Tag Archives: pen

Review: Pentel Arts Pocket Brush Pen

I have been coveting a pocket brush pen for awhile. I have a brush pen but it has a incredibly long handle and is a pain because of that. I was comp shopping Michael’s when I came upon this pen. Imagine my horror when I got to the counter and found I’d left my 40% off coupon at home… I put the pen back and came back later. With my 40% off coupon I snagged this pen for a measly $10.83, which is less than I could find it online.

 

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It’s sold on a blister pack like most other markers and pens are at Michael’s. Once out of the packaging its a nice looking shiny black pen. It’s comparable in size to most pens on the market. It’s very light weight even with the cartridge plugged into the pen. After wielding a TWSBI 540 for an extended writing session earlier in the day, this is like writing with a cloud. The pen is all black except for a Kanji character on the cap near the clip and the pentel name on the opposite side of the cap.

 

 

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After installing the cartridge the ink descends into the brush rather quickly, the brush was fully loaded with 60 seconds of installing the cart. The tip is soft, flexible but springs to a point immediately after pressing it down fully. It is capable of giving a hair thin line or a swath of ink 5mm wide. The ink flow is generous and kept up with some very quick line work. The line variation is quite nice and relatively easy to control.

 

 

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The ink in the cartridges is reported to be in water resistant. Something that I found interesting is that the back proclaims that the “fittings” are leak proof. This tells me that with some silicone grease this pen could EASILY be converted to eye dropper fill. For me, this is a VERY VERY interesting thing. In my testing I found that the ink is water resistant once dry on paper and when wet gives a very nice wash effect with a nice even gray tone. In effect you could take just this and a water brush sketching and you could do the sketch, allow it to dry, add more ink, add water and get a nice gray tone for your shadows. The ink is not water resistant on acrylic paint until it is FULLY dry. It writes without issue on acrylic, no skipping or beading up. It does take quite some time to dry on acrylic paint- to get to the fully dry point it needs a few minutes.

 

 

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This pen is a very good price when 40% off but at full price at Michael’s I’m not sure. I’d rather put together a $25 order with Jetpens.

I'll probably do an update to this review once I run through the 2 carts that came with the pen and convert it to eyedropper style. (See update on eyedropper fill here.)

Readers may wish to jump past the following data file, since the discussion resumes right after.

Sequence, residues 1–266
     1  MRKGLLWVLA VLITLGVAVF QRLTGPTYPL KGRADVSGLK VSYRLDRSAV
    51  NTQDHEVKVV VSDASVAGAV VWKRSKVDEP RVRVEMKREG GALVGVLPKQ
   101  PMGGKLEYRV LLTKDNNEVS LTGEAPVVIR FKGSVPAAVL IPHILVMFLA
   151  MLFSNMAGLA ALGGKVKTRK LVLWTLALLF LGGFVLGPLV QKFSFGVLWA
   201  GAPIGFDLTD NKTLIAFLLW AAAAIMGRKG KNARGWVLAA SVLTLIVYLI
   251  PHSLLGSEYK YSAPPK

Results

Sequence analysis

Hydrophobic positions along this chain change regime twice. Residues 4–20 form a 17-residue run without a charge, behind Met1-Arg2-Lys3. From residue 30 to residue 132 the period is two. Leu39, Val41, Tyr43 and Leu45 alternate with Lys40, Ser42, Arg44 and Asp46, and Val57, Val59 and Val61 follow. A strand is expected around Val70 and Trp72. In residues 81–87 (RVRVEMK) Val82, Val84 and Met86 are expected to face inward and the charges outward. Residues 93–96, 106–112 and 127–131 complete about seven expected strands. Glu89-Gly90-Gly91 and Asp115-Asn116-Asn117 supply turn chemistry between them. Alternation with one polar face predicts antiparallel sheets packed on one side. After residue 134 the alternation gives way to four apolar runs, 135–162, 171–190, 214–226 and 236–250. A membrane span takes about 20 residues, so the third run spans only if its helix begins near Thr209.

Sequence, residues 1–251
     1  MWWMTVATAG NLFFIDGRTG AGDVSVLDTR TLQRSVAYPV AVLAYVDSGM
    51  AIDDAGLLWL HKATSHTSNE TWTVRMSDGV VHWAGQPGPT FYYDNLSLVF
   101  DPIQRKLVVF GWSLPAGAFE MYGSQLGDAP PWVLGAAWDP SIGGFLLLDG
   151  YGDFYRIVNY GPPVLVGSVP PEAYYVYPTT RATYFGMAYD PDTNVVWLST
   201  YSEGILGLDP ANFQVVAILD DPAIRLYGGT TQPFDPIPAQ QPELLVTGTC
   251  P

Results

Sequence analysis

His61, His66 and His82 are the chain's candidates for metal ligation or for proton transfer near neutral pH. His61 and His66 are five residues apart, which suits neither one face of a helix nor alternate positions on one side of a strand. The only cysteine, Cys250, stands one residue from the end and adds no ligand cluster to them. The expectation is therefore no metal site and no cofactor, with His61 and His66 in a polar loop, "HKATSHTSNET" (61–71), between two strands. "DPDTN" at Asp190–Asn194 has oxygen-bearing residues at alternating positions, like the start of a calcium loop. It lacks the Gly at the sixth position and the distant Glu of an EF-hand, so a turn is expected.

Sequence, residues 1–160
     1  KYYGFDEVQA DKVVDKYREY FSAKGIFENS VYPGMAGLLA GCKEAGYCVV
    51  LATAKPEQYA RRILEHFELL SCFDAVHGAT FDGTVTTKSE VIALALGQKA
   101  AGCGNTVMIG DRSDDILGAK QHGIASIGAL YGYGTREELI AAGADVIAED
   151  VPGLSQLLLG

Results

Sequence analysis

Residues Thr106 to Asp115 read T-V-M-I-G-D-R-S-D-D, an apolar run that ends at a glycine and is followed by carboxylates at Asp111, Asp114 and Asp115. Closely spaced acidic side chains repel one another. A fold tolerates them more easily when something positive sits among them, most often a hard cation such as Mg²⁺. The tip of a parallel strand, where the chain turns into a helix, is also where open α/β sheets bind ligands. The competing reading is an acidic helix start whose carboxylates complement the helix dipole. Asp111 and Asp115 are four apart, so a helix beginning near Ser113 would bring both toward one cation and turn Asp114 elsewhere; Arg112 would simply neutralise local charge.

Reg $16.99 at Michael’s $14 at JetPens

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Review: FlexiSketch Sketchbook

I picked up this sketchbook on sale at Artist & Craftman. It was super affordable, more so than usual. It usually runs in the $10 to $15 range. The 8.5×11 inch sketchbook feels weighty in hand and looks nice. The green color is a soothing soft mossy green they call "Fern." I’m annoyed that the 25% more FREE stick is stuck to the cover and doesn’t peel off easily. I’ll be hacking at it with a knife to get it off. After opening up the package I notice it’s Smythe Sewn like a moleskine so it will open flat and flatter the more I use it. The binding is nice and flexible but the wrap around cover on the spine is less so.

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The paper is bright white, thick and sturdy feeling, 75lb/110gsm. There are 300 pages or 150 sheets. It has a soft texture and is nice with pencils. Wider nibbed pens glide over it’s surface but narrow nibs sink into it’s surface a little. The paper is absorbent with ink and watercolor. I didn’t notice any feathering with ink but most pens looked to be about a size larger than on other paper. I noticed some ink soaking through as I sketched and wrote. Nothing major since I didn’t plan on using both sides of the paper anyway. This isn’t a deal breaker if you use dry media like pencil or charcoal. The fact that the paper soaks ink up like a paper towel is annoying, and if I were using expensive ink, would annoy me.

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The cover is thick cardstock with a glossy finish. It scuffs easily, but I don’t mind that. If you are the sort who would like to decorate your art journal you’ll need to sand the surface to get gesso to stick. I managed to pop the glue that holds the back cover to the block off. Rather annoying but it also let me see the spine and that it’s glued sturdily and will survive a lot of abuse. This also makes me think I could cover this journal with little work

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Overall my verdict on this is that this sketchbook is a great value. The paper isn’t optimum for ink but it’s thick and sturdy enough to withstand pretty much anything an art journaler can throw at it. The paper has a nice surface for a variety of media. While pen does soak through in some spots it looks fantastic on this paper. I’d buy it again.

 

Review: Jinhao 602 Fountain Pen

Every now and then I get a surprise in the mail. Today I got a Jinhao 602 fountain pen, a gift from Christie. She suggest I review it, so I'm being dutiful and doing so.

Pulling the pen out of the envelope I found it in a black flocked case. It felt rather heavy for it's size. The black paint is smooth, the gold colored trim is nice, even if it's gold (I prefer silver.) the grip section is oddly trimmed in brushed steel. It doesn't match the rest of the pen, even if it is comfortable. The pen is very slim measuring about 3/8th of an inch in diameter. It looks good.

 

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The nib is steel but colored gold. It is hooded so only part of it can be seen. The nib is stiff, with no flex or bounce. It produces an even fine to medium line with good ink flow. It would be great for sketching. The nib offers a little feedback but it's not scratchy

 

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The downside is that the cap does not post well, as this is a small pen it would be more comfortable if it were posted.

Overall this would be a very good pen for sketching, priced a little more than $5 you won't be heartbroken if it dies or you lose it. I was surprised at how well the pen wrote, it was remarkably smooth for $5. (Not as smooth as the Serwex Special I reviewed earlier.) Not a bad deal, head over to eB@y and search for one.